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            Prevalence of amblyopia or strabismus in asian and non-Hispanic white preschool children: multi-ethnic pediatric eye disease study.

            To determine the age- and race-specific prevalence of amblyopia in Asian and non-Hispanic white children aged 30 to 72 months and of strabismus in children aged 6 to 72 months. Cross-sectional survey. A population-based, multiethnic sample of children aged 6 to 72 months was identified in Los Angeles and Riverside counties in California to evaluate the prevalence of ocular conditions. A comprehensive eye examination and in-clinic interview were conducted with 80% of eligible children. The examination included evaluation of ocular alignment, refractive error, and ocular structures in children aged 6 to 72 months, as well as a determination of optotype visual acuity (VA) in children aged 30 to 72 months. The proportion of 6- to 72-month-old participants with strabismus and 30- to 72-month-olds with optotype VA deficits and amblyopia risk factors consistent with study definitions of amblyopia. Strabismus was found in 3.55% (95% confidence interval [CI], 2.68-4.60) of Asian children and 3.24% (95% CI, 2.40-4.26) of non-Hispanic white children, with a higher prevalence with each subsequent older age category from 6 to 72 months in both racial/ethnic groups (P=0.0003 and 0.02, respectively). Amblyopia was detected in 1.81% (95% CI, 1.06-2.89) of Asian and non-Hispanic white children; the prevalence of amblyopia was higher for each subsequent older age category among non-Hispanic white children (P=0.01) but showed no significant trend among Asian children (P=0.30). The prevalence of strabismus was similar in Asian and non-Hispanic white children and was found to be higher among older children from 6 to 72 months. The prevalence of amblyopia was the same in Asian and non-Hispanic white children; prevalence seemed to be higher among older non-Hispanic white children but was relatively stable by age in Asian children. These findings may help clinicians to better understand the patterns of strabismus and amblyopia and potentially inform planning for preschool vision screening programs. The author(s) have no proprietary or commercial interest in any materials discussed in this article. Copyright © 2013 American Academy of Ophthalmology. Published by Elsevier Inc. All rights reserved.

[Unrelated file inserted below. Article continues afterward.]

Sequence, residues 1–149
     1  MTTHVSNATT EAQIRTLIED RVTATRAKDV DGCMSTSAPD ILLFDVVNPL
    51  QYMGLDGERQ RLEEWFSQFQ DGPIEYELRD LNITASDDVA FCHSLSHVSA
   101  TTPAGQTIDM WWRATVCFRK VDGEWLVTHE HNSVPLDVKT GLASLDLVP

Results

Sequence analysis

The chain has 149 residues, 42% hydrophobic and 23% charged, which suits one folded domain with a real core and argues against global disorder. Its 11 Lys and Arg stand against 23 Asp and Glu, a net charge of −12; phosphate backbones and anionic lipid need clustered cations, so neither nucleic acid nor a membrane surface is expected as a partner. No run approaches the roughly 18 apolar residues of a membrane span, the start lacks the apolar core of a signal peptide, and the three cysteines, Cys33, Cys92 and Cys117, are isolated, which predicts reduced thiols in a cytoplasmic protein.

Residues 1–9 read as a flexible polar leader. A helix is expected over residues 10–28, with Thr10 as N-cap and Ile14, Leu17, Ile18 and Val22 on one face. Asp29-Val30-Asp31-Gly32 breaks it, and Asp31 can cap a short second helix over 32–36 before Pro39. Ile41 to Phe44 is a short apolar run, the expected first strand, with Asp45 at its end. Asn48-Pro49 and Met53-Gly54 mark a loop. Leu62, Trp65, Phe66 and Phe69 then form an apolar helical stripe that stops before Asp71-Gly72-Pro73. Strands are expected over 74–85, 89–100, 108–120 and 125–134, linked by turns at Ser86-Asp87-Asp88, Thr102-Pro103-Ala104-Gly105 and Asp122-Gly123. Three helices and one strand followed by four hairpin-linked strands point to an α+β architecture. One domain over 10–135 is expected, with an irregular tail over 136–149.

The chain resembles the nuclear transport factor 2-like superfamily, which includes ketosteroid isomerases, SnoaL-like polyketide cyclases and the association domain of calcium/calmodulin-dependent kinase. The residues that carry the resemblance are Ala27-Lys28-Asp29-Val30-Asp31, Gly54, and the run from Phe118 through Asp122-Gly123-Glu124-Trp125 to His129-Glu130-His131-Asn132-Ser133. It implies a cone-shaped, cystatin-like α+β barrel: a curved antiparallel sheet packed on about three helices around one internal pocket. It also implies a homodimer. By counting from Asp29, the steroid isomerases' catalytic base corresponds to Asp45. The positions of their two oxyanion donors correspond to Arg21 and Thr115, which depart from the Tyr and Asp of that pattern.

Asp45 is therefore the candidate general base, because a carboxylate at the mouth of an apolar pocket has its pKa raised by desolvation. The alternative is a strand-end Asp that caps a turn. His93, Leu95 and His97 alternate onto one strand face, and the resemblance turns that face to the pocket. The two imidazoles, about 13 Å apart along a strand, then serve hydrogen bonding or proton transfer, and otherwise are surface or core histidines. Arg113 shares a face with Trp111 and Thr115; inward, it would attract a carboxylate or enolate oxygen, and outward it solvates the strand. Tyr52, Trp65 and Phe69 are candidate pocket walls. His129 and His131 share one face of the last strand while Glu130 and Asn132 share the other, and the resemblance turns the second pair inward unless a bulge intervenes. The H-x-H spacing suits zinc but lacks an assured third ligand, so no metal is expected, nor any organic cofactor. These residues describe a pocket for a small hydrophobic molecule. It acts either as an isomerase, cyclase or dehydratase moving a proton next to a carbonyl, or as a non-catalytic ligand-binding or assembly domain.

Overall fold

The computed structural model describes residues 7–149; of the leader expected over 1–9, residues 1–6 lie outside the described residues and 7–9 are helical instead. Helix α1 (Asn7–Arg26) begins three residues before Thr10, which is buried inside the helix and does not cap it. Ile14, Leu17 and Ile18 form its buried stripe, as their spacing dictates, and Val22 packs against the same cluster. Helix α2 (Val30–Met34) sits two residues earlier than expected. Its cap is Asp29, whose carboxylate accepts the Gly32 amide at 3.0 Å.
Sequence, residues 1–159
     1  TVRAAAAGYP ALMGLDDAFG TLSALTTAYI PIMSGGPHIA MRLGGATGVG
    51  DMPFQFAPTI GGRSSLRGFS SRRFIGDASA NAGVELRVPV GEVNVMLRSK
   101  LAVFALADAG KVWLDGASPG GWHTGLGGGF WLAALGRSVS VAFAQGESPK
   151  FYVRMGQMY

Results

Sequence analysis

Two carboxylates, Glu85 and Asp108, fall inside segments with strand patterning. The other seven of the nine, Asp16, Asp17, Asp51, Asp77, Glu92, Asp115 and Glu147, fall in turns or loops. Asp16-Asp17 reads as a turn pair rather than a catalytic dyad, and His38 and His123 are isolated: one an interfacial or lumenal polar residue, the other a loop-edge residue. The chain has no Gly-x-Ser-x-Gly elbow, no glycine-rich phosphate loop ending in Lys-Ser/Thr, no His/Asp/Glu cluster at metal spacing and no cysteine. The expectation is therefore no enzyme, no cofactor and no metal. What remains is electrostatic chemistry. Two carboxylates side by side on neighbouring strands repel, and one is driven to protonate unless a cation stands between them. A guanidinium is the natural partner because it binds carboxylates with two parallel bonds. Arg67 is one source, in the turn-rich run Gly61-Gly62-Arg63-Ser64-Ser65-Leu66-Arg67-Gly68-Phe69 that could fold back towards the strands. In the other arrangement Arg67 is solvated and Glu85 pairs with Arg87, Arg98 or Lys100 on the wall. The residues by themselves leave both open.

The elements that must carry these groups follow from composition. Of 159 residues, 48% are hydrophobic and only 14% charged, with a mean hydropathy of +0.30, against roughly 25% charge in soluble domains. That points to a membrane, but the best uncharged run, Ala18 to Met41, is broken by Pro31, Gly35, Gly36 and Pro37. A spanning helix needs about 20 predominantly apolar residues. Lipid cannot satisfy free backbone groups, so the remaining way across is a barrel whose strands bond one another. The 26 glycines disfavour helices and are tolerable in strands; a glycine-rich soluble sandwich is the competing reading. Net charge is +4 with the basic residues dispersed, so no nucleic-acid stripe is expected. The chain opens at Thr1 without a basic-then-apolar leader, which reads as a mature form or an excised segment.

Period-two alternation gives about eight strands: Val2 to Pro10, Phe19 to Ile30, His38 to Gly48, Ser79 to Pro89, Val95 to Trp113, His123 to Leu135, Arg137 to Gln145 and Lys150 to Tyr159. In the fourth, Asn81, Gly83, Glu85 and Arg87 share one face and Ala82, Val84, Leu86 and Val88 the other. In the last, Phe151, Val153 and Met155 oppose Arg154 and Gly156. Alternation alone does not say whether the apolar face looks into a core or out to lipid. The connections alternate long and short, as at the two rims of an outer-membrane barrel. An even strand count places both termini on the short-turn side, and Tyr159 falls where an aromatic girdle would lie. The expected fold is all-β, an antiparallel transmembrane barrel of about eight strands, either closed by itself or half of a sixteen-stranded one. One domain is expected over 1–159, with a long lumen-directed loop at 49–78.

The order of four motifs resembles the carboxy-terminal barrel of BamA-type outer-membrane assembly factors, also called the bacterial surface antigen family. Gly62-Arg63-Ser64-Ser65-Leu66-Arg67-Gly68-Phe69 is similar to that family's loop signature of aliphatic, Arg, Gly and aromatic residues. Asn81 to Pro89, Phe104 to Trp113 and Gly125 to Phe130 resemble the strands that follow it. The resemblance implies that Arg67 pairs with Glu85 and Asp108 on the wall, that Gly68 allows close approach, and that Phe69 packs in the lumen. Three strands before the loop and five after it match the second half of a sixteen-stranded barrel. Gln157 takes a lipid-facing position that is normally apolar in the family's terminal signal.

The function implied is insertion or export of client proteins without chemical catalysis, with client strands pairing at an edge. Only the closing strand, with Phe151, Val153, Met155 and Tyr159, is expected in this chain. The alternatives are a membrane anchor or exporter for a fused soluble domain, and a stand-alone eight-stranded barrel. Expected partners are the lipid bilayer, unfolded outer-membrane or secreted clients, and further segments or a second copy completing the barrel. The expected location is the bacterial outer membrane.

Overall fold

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              New design principles for visual acuity letter charts.

               M Lovie,  Emma Downs (1976)
              This paper intoduces new principles for the design and use of letter charts for the measurement of visual acuity. It is advocated that the test task should be essentially the same at each size level on the chart. Such standardization of the test task requires the use of letters of equal legibility, the same number of letters on each row, and uniform between-letter and between-row spacing. It is also advocated that, combined with the test task standardization, there should be a logarithmic progression of letter size. Charts incorporating these design features have been made. These charts facilitate the use of nonstandard testing distances which might be used when there is low visual acuity, when examination room layout prevents testing at the standard distance, or when it is necessary to validate visual acuity scores or detect malingering. Adjusting the visual acuity score according to the chosen testing distance is simplified by the use of logarithmic scaling.

                Author and article information

                Optom Vis Sci
                Optom Vis Sci
                Optometry and Vision Science
                Lippincott Williams & Wilkins
                January 2015
                22 December 2014
                : 92
                : 1
                : 6-16
                *OD, MS, FAAO
                PhD, OD, FAAO
                MD, MPH
                §MD, MSCE
                Southern California College of Optometry at Marshall B. Ketchum University, Fullerton, California (SAC); Northeastern State University Oklahoma College of Optometry, Tahlequah, Oklahoma (LAC); University of Arizona College of Medicine, Tucson, Arizona (JMM); and Department of Ophthalmology, The Children’s Hospital of Philadelphia, Philadelphia, Pennsylvania (GEQ).
                Author notes
                Susan Cotter Southern California College of Optometry at Marshall B. Ketchum University 2575 Yorba Linda Blvd Fullerton, CA 92831 e-mail: scotter@ 123456ketchum.edu
                OPX13535 00006
                Copyright © 2014 American Academy of Optometry